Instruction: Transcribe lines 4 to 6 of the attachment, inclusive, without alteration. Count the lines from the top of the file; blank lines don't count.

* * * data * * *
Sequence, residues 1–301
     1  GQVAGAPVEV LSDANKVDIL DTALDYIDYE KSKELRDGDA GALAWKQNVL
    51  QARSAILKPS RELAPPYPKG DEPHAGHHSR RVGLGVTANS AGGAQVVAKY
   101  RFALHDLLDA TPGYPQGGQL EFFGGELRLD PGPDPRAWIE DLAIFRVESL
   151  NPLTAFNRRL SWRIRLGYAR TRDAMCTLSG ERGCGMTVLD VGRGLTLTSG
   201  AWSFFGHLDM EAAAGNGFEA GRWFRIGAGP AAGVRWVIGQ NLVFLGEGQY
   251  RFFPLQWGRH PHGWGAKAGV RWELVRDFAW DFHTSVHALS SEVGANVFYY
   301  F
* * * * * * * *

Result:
   101  RFALHDLLDA TPGYPQGGQL EFFGGELRLD PGPDPRAWIE DLAIFRVESL
   151  NPLTAFNRRL SWRIRLGYAR TRDAMCTLSG ERGCGMTVLD VGRGLTLTSG
   201  AWSFFGHLDM EAAAGNGFEA GRWFRIGAGP AAGVRWVIGQ NLVFLGEGQY